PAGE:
‘You racist bigot’: Trump finally found something to tweet about Africa, but it didn’t end well
The US President’s tweet about land seizures from white farmers and ‘large scale killings’, which followed a Fox News segment on the subject, has stunned many South Africans
By now, many Africans cringe whenever “Trump” and their continent are mentioned together.
It’s happened again. In a tweet containing inaccurate comments, President Donald Trump said he had instructed his secretary of state to “closely study” alleged land seizures from white farmers in South Africa. The issue is racially divisive almost a quarter-century after the end of apartheid, the system of white minority rule.
Trump rarely turns his attention to Africa – the tweet was his first since he became president to mention the continent by name – but when he does it often backfires.
The most shocking example came earlier this year when Trump reportedly called African nations “s***hole” countries. Outraged countries swiftly summoned US ambassadors to explain the comment – much as South Africa on Thursday was reaching out to the US Embassy to clarify the latest remarks.
I have asked Secretary of State @SecPompeo to closely study the South Africa land and farm seizures and expropriations and the large scale killing of farmers. “South African Government is now seizing land from white farmers.” @TuckerCarlson @FoxNews
— Donald J. Trump (@realDonaldTrump) August 23, 2018
Many South Africans were stunned. “A racist bigot,” the morning host of one of the country’s most popular talk radio stations, Eusebius McKaiser, told listeners before opening the airwaves to lively debate about Trump’s comments.
“South Africa totally rejects this narrow perception which only seeks to divide our nation and reminds us of our colonial past,” said the government on an official Twitter account.
Trump’s tweet appeared just days after first lady Melania Trump took a very different approach to Africa, announcing she would be visiting several countries on the continent in October in her first big solo international trip. She said she looked forward to learning about the issues children face and appreciating Africa’s history and culture.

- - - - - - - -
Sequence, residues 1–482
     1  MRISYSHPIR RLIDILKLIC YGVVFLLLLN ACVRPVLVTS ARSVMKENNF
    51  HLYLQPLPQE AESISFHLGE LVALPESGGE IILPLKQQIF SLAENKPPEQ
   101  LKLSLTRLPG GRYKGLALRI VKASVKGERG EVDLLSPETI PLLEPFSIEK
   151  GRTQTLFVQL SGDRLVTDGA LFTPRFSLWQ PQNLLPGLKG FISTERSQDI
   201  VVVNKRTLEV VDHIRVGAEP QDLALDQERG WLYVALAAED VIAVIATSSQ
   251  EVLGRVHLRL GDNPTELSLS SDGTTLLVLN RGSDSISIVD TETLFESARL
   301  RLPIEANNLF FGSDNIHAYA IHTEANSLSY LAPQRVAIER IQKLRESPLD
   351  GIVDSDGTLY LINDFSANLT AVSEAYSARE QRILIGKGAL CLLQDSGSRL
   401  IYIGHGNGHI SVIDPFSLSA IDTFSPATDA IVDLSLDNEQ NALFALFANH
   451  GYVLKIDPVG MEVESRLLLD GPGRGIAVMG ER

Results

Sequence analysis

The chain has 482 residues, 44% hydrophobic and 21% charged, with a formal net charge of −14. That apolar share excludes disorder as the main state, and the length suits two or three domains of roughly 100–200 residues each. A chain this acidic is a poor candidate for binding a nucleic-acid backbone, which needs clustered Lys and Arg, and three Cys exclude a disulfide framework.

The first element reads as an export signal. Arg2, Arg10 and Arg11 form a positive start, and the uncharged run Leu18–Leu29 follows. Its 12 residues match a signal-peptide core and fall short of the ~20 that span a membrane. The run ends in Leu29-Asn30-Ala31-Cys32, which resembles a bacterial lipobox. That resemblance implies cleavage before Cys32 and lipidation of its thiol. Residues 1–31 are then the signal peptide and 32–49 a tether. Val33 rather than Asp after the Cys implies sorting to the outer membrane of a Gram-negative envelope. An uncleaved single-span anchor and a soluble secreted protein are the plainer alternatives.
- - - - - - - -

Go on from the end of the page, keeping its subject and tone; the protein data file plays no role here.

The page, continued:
It was the latest hint that the first lady might be subtly separating herself from her husband and his controversial views.
The last time Trump referred to Africa on Twitter was in early 2015, before his presidential ambitions were taken seriously by much of the public.
Again, it was about South Africa. He made clear he was no fan of the country’s security situation, tweeting: “As I have long been saying, South Africa is a total – and very dangerous – mess.” It echoed a tweet from 2013: “I really like Nelson Mandela but South Africa is a crime ridden mess that is just waiting to explode – not a good situation for the people!”
Since becoming president, Trump has largely left Africa to drift, meeting only a handful of African heads of state and leaving key diplomatic positions – the ambassador to South Africa, for one – unfilled. It took a year and a half to name the top Africa diplomat in the State Department.
Trump also fired his previous secretary of state, Rex Tillerson, hours after Tillerson ended a multi-country Africa visit earlier this year in an effort to mend badly frayed ties.
Now some observers say Trump is using his latest Africa comments to try to deflect attention from his sprawling legal troubles at home.